I found 6 Capacitors with $$\2.7\text{ V}\$$ and $$\500\text{ F}\$$ each on ebay for a total of 25$. If I put them in series, their capacitance should be $$\\frac{1}{\frac{1}{500}\cdot6}\approx 83\text{ F}\$$ at $$\16.2 \text{ V}\$$. The energy in watt seconds would then be: $$\0.5\cdot83\cdot16.2^2\approx 10891 \text{ Ws}\$$, which should be enough to start my small little engine (small gasoline engine rarely takes more than a second to start, even in cold temps, so that would be about 130 Amps for one sec). Unfortunately, that's about as far as my knowledge of electronics goes. Can I really just attach the 6 Capacitors, which I connected in series, to the Battery? Is there something here I am not seeing, which would make it extremely impractical to do that? I can't seem to find anyone on the Internet doing this, which makes me sceptical. There are some people that use capacitors instead of batteries, but that seems like a bad idea to me since it won't last more than one start... • If you can't find anyone, you are not searching hard enough. There are lots of youtube videos about people starting their cars with ultracaps. Jan 17, 2017 at 10:18 • A crazy suggestion: assuming the battery is still in good enough condition and has enough energy stored: why not just turn on the lights or some other power consumer in the car so that the battery has to deliver some current. Leave that on for a couple of minutes. This will heat up the battery somewhat which might be enough so that is it able to start the engine. Jan 17, 2017 at 10:23 • @FakeMoustache: You mean like all the people in cold weather countries do it all the time? That assumes you don't do short distances constantly though. Jan 17, 2017 at 10:27 • 0.5*83*16.2² is the total energy stored - unfortunately this is erroneous as (a) the battery voltage (and hence the capacitor voltage) is more likely to be around 13V and (b) the capacitor voltage can only fall the same amount as the battery so the amount of energy available from the capacitors will only be a small fraction of the total. Jan 17, 2017 at 10:34 • If you can't start the car in -20°C, either the battery is a bad, or the rest of the car is. -10°C should be easy. Something is faulty or insufficient. Throwing capacitors at the problem will only mask it, it won't solve it. Jan 17, 2017 at 11:18 ## 7 Answers Putting capacitors in series to add up their voltage ratings isn't very wise. Their difference in leakage current will lead to an imbalance in the voltage they'll have across them (see https://electronics.stackexchange.com/a/80589/107479), and some of the capacitors could easily experience overvoltage (especially given the low voltage ratings supercapacitors have). The solution for that would be to add a resistor ladder in parallel to compensate this, but that would increase your standby battery drain, which is not a good idea either. Moreover, your computation is wrong, since the capacitor will be charged to the battery voltage (~13V), not the full capacitor voltage rating. And I doubt it requires less than one second to start. And, when you say in your comment: The top rated answer in the post that PlasmaHH linked, suggests doing exactly what I want to do, using capacitors in addition to the batterie, so the battery can store lots of energy, and the capacitor can deliver it at high rates for short times. you're mistaken: this answer you're referring to, when it mentions "short times", it means "a few ms", for example to smooth the big current spikes due to the inrush of the starter. Not for the starter the whole starting time. This is where it begins not making sense. Finally, if your car doesn't start when it is -10°C outside, you simply have a problem somewhere with your car. Bring it to your mechanic. He'll fix it, and he surely won't fix it by adding capacitors. He'll find the actual faulty component (which, by the way, you don't seem to have really checked - you're assuming it's the battery, but it could be anything: glow plug/starter motor/some sensors/whatever/...) and replace it (because when such a component starts to fail, trying to fix it by adding capacitors or duct tape is futile - you replace it). • I am sure it's the battery, and I don't have a mechanic. I usually fix my car by myself. I will replace the battery. I knew that this was the most intelligent thing to do from the beginning on, I'm just naturally curious and wanted to know whether it was possible to build something like this (capacitor supported battery) for relatively little money. After all, they are using it nowadays in cars that have a start-stop-automation (but it's ridiculously expensive, 700€ for a 1200F capacitor in addition to the starter battery). Jan 18, 2017 at 16:47 • Actually, the price is not that irrelevant compared to what you planned to buy. You said you could have the equivalent of 83F for 25$. That would be about 360$for 1200F. Depending on quality (lifetime, ESR, ...) the price for a cap of a given capacitance and voltage can easily range from one to twice the price... Anyway, I'm glad you're going for the sane choice of replacing the battery. That would be the best usage of your money IMO. – dim Jan 18, 2017 at 20:28 There is a company that sells capacitor banks that completely eliminate the need for a lead acid storage battery for automotive as well as other applications. Since they are non chemical based they are not affected as much by extreme low temperatures. Here is a link to check out and tease yourself silly with ideas. http://www.maxwell.com/products/ultracapacitors/cells This link contains specs as well as product line and company contact info. I read somewhere a while ago that these units will charge in about 3 secs. • Can you show where the company recommends ultracaps to replace lead-acid batteries in gas-powered cars? Dec 9, 2019 at 16:58 Using supercapacitors to boost overall starting current is good, but there are several practical limitations: 1. You would need short (and thick) wires to connect the supercap pack to the battery (so you do not add too much wire resistance in series with caps), which means the supercaps will have to most likely sit inside the hood. Engine can get very hot and so do the caps. You will have to make sure the caps do not get damaged at the highest temperature they can see inside the hood. You may have to find a place where it is not too hot and measure the temperature at that spot with a thermometer when running the car for certain time to verify that it is indeed a good spot to anchor the capacitor pack. 2. Nominally the alternator may provide 13.8V to charge the battery. But I have seen it going to 14.4V when I crank up the engine. Since we are dealing with the magnetic circuit of the alternator, load dumps, etc. it is possible that the battery will sometimes see voltage spikes that are much higher than 14.4V, or 15V or even 16V. If a supercap is rated at 2.7V and you have six or seven in series across the battery, you will have to make sure that each cap will not see more than its rated voltage any time, i.e. you may need protection circuitry (mainly transient absorbers) across each supercap in the pack. You will have to then watch out for the leakage current in the transient absorbers when they are not active. 3. If you connect a bunch of capacitors in series, the voltage across them when charged may not be equal. The voltage depends on the actual value of the capacitance of each supercap. Usually there is a tolerance to the value of all capacitors. I have seen supercaps having as much as +/-20% tolerance in their value. I.e. a supercap with nominal capacitance of 500F may have actual value anywhere between 400F and 600F. Unless you can screen many supercaps and pick those with values within a small range, you are stuck with what you get. A +/-20% variance in capacitance translates to a similar variation in voltage across the caps when connected in series and connected across the battery. i.e. If you have six supercaps in series, connected across a 12V battery, they will not have 12/6=2V across each (Q=CV, so V=Q/C, all caps in series will have the same amount of charge because the current going through them when charging will be the same since they are in series). Caps with smaller capacitance (say 400F) will have higher voltage across them than the caps with bigger (600F) capacitance. You will have to have enough caps in series so that because of tolerance of capacitance, voltage across a cap never exceeds its rated voltage or it will develop defects and either become useless (i.e. develop intrenal short circuit) or burn up. People use charge (i.e. voltage) balancing circuits across each cap to equalize voltage across all caps. But these circuits can have leakage current, so when the car engine is off, they are draining the battery. 4. Even without charge balancing circuits across them, supercaps have their own leakage current. Leakage current can be tens to hundreds of micro Amps. That is not much, but if you have not started a car in a long time for any reason, it all adds up. There are super-low-leakage supercaps but they come with price premium. You can make your supercap string across car battery work, but please make sure you have addressed all the above issues. If you have overcome them, please post your solution so the rest of us can learn from it. • Anoop Hegde • Interestingly about load dump, it's probably much less likely that both battery and supercap become disconnected simultaneously, leading to a load dump condition; and they'll definitely cover for the load dump of a disconnected battery (if indeed a load dump situation even occurs, since the voltage won't be allowed to rise and continue the reaction). Regarding leakage, they will balance by capacitance value initially, then stabilize by individual leakage, which is higher near rated voltage; I wouldn't worry about balancing resistors, I think. Feb 27, 2023 at 11:30 Conceptually sound but not likely to work in practice. The starter needs lots of current, and you will need a lot of capacitance to make a difference. • A lot of Capacitance is cheap nowadays, as you can see on youtube, people are building capacitors large enough to power a starter motor for around 40$ Jan 17, 2017 at 12:32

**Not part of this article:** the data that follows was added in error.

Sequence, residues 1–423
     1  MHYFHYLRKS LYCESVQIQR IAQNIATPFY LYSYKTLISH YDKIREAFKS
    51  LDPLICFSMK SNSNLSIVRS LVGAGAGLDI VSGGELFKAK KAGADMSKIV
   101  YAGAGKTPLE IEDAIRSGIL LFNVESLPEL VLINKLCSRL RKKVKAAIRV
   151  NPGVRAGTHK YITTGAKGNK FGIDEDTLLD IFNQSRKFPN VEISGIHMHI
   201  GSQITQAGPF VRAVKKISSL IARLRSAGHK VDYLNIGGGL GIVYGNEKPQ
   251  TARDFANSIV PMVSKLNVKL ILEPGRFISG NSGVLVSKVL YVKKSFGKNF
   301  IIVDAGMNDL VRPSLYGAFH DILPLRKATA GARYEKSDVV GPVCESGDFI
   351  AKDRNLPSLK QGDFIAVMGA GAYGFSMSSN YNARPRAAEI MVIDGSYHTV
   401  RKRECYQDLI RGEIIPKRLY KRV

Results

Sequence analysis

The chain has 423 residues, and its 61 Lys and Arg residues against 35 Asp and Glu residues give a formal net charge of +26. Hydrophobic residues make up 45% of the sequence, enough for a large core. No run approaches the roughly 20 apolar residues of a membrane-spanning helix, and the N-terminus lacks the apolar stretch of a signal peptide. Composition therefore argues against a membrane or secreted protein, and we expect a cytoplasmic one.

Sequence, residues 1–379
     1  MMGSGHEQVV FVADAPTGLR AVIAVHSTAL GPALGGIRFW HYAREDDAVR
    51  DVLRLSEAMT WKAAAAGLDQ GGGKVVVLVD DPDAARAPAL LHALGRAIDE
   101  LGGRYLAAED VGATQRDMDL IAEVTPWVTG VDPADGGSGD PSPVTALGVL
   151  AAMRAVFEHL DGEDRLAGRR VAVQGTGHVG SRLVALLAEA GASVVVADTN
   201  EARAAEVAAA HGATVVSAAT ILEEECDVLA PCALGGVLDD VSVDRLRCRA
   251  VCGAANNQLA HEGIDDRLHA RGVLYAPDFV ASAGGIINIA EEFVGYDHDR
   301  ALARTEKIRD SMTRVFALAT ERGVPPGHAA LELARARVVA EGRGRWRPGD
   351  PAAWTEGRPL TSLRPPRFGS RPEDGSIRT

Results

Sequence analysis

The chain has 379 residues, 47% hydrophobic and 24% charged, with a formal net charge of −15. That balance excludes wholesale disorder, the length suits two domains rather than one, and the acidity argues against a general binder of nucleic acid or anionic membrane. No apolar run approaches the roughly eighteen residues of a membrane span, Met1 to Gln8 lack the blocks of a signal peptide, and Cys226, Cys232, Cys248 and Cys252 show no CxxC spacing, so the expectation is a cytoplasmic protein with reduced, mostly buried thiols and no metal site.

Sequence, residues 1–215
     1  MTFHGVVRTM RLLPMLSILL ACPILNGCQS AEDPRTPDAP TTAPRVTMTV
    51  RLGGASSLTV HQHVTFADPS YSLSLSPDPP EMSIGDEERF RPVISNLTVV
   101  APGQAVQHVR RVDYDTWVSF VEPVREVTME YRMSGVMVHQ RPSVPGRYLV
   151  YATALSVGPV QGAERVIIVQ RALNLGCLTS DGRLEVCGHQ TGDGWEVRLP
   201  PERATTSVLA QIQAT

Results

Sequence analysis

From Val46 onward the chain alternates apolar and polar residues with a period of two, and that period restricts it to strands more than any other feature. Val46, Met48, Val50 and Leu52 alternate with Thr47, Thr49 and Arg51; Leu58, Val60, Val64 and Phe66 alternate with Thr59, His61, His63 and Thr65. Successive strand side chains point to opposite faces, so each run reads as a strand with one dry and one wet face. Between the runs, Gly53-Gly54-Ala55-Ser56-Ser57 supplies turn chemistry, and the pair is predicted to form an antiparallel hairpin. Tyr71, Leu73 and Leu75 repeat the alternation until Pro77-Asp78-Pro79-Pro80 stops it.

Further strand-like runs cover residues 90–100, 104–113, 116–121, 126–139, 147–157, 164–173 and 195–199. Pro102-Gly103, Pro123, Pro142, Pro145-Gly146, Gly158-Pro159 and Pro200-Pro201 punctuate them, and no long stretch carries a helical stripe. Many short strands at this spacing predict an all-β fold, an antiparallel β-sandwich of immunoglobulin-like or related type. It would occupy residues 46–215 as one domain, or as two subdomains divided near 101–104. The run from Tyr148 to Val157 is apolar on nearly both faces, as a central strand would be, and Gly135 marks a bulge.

Simple solution - get a car starter kit and keep it somewhere warm. For example